The 5th Annual Great Hot Dog Cookoff
This is going to be an epic post, so there’s only one way I can kick this off:
Here’s how this story starts: last year, someone linked an article to our blog talking about a hot dog cookoff that had recently taken place in Brooklyn. This produced mixed feelings. First, Mike and I drooled over the fact that someone made a dog with poblano peppers and pork. Second, we were heartbroken to learn that we had recently missed the cookoff before we had any idea of its existence. Fast-forward to about 3 weeks ago when I remembered about this cookoff. I looked it up and Heavens Be Praised! it was to take place on July 31st! For some reason, Eye of The Tiger started to play in my head, and I pictured myself entering the grounds of the cookoff like when Hulk Hogan would enter the ring with I Am A Real American blasting in the background. The needle skipped off the record though when I looked further down the page and it said SOLD OUT! I wanted to cry…but NO! I soldiered forth and contacted the awesome and powerful Kara Masi, grand poobah and originator of the cookoff. After some groveling and sobbing (help me Kara Masi, you’re my only hope) she made two extra tickets available.
Here is the rundown of the event, and why it transcends the search for delicious dogs. First and foremost, it is a great fundraiser for different charities in NYC.
City Harvest is an agency in NYC that rescues excess food from all corners of the city’s food industry. They have a fleet of trucks, bicycles, and other volunteers that bring it to emergency programs around the city. According to their site, they will collect 26 million pounds of food this year. The Cookoff was able to raise $6,000 for City Harvest. You should check out their website here.
Ok, here is what the cookoff is all about…20 competitors striving to make the most delicious and unique hot dog creation (or RGD for you regular readers). The competition originally started in Ms. Masi’s backyard five years ago and continued to grow to the point where a local brewery, Kelso of Brooklyn, became the lead sponsor and location of the event. Over 300 people attended this year’s event. What made this especially exciting for me was that I had a 5 minute walk from my apartment! This year, the competition took place on the street outside of the brewery. The cookoff was separated into 2 rounds. There were 10 chefs/teams cooking during the first 2 hours, and the next 10 cooking for the final 2 hours. The chefs would then cut their dogs into thirds since there are a few hundred guests. All chefs had the option of using hot dogs donated by Hummel Bros. Quality Meats (from New Haven, Connecticut), with either an all-beef or a beef/pork blend. This was a great tasting dog with strong flavor. They also had a DJ playing great tunes and the MC was George Duran who has hosted shows on both TLC and the Food Network. I should also tell you first that you can find a lot more info at the cookoff website. And now…the dogs!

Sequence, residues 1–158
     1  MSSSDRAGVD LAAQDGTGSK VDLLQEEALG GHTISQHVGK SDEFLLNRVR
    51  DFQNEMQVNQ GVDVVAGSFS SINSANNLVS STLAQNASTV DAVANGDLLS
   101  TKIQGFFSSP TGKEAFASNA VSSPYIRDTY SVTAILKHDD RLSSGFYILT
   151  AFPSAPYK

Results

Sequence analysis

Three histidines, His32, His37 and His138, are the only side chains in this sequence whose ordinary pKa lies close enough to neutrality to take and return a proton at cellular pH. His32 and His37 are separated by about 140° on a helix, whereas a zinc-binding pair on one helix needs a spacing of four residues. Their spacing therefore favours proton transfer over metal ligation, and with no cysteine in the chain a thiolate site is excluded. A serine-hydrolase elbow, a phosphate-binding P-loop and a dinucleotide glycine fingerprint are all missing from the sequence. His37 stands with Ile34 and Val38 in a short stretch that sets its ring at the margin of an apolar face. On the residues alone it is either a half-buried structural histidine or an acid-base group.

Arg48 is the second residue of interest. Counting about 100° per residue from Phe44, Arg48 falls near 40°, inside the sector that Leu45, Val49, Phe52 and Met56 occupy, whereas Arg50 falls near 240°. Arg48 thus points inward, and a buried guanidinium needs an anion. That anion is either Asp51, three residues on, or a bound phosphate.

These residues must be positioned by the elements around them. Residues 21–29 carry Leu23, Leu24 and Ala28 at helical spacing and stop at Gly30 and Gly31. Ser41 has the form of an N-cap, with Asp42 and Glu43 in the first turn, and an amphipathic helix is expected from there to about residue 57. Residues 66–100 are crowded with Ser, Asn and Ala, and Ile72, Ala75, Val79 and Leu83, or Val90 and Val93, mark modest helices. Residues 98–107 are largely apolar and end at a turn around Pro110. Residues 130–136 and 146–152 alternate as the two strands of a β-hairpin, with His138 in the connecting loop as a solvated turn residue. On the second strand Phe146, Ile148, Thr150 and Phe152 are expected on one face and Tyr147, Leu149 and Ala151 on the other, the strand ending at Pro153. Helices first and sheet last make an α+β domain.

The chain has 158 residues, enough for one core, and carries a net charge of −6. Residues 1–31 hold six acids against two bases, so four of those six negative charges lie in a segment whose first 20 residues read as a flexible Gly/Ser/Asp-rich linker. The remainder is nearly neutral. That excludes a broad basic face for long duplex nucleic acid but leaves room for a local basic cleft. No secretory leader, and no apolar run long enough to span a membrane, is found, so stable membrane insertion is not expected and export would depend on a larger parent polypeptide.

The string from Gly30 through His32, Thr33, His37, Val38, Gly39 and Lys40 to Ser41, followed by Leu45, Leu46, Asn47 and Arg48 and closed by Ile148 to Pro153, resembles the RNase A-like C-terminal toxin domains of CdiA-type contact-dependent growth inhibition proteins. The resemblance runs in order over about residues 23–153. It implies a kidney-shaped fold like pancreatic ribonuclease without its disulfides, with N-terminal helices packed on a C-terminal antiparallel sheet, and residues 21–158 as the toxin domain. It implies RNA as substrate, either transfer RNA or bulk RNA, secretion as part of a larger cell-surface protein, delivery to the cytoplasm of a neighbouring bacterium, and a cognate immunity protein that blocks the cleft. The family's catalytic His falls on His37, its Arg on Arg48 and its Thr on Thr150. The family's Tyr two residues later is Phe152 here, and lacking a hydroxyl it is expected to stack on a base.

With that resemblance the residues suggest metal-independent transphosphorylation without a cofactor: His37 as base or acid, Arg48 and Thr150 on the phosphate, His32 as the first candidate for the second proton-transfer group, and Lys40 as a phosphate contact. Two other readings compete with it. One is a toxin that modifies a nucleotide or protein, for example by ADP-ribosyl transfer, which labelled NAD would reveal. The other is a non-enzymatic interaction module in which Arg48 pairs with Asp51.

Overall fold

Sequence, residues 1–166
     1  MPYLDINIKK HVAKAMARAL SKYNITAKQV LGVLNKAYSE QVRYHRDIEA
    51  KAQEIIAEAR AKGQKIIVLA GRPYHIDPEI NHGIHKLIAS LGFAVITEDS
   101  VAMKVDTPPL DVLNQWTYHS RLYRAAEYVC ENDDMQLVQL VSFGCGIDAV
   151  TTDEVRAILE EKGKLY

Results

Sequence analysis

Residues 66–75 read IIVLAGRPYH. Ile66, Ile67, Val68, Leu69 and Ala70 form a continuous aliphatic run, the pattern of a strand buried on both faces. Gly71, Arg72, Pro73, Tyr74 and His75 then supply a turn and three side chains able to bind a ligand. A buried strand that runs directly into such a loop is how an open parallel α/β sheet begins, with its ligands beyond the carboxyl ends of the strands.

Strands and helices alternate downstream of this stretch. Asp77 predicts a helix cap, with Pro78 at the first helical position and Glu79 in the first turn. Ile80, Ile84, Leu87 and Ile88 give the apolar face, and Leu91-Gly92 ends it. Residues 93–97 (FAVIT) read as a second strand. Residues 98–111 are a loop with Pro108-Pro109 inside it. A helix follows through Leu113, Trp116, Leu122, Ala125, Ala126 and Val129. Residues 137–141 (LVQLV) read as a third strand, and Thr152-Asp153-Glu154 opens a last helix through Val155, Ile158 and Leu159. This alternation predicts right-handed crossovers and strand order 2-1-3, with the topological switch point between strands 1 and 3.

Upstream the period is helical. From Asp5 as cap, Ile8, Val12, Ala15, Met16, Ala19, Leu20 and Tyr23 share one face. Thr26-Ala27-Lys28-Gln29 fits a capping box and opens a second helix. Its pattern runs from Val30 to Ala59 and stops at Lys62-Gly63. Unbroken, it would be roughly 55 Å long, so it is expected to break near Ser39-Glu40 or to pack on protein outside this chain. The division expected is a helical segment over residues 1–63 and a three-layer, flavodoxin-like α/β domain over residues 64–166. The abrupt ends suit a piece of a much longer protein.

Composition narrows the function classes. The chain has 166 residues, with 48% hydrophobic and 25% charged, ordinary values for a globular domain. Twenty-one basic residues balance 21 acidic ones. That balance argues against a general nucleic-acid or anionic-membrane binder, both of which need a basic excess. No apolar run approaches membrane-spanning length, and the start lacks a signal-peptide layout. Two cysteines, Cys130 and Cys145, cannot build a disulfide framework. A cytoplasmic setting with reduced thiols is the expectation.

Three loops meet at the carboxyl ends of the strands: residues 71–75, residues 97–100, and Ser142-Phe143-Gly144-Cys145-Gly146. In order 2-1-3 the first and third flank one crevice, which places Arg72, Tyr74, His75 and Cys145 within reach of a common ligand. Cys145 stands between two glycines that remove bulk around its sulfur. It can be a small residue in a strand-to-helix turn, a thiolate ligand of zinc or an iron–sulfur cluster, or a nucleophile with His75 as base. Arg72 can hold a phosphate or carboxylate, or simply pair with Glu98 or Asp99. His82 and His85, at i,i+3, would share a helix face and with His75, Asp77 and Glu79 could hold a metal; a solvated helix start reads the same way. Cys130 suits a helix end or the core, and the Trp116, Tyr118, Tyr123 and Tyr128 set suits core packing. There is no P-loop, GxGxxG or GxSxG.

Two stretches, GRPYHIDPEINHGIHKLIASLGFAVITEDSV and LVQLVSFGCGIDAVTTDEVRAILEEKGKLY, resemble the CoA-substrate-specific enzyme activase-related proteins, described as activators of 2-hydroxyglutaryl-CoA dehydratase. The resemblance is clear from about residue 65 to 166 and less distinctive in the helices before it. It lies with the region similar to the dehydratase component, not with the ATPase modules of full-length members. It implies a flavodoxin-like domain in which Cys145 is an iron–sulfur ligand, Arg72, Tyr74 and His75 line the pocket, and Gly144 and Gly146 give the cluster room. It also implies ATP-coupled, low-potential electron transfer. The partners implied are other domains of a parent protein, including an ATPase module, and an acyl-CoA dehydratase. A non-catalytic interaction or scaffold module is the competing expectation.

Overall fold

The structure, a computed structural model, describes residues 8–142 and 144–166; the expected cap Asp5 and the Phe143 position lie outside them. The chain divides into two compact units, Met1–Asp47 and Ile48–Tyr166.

Yes, this was an entry. I think I overheard the chef say that this was a plum-flavored ice cream in a chocolate croissant bun. A good idea for a dessert dog but with a fatal flaw. Their station was right in the sun and that might have prevented the ice cream from being able to maintain its tubular shape.
The first proper HD was a great one, The Old Country Brooklyner. We met chef Eric Friedman later on and he discussed his dog construction, topped with spicy sauerkraut, thick-cut bacon, on a toasted pretzel bun. This was a great combination of ingredients and won the Working Dog award. This honor is described as being less flashy, ‘recognizable as a hot dog and tastes great.’ Eric was a really nice guy and talked with Ali and I for a while. This is his 5th year in the competition.
This is the hot dog version of John Madden’s Turducken feast. It consisted of chicken terrine in a hot dog (picture it like the Combos pretzel snack) wrapped in turkey bacon, with cornbread stuffing on a biscuit. I didn’t realize it was a stuffing and thought it was some kind of turkey sausage gravy. It tasted good though and was reminiscent of Thanksgiving.
This civilized treat is an all-beef dog wrapped in English bacon and topped with baked beans seasoned in HP sauce, red onions, and chopped fresh tomato. This was a good sloppy dog, the kind where you have to pick up the toppings off the plate with your fingers.
This was my favorite dog of the day but alas, they did not win an award. It was topped with green tomato relish, hot pepper jelly, radish & carrot pickles, smoked paprika & scallion aioli. I really liked this because sometimes the best way to bring out the flavor of a dog is with fresh, light ingredients. Cheese and bacon have a great place in the hot dog cannon, but this tasted really refreshing to me compared to the other heavy dogs of the day.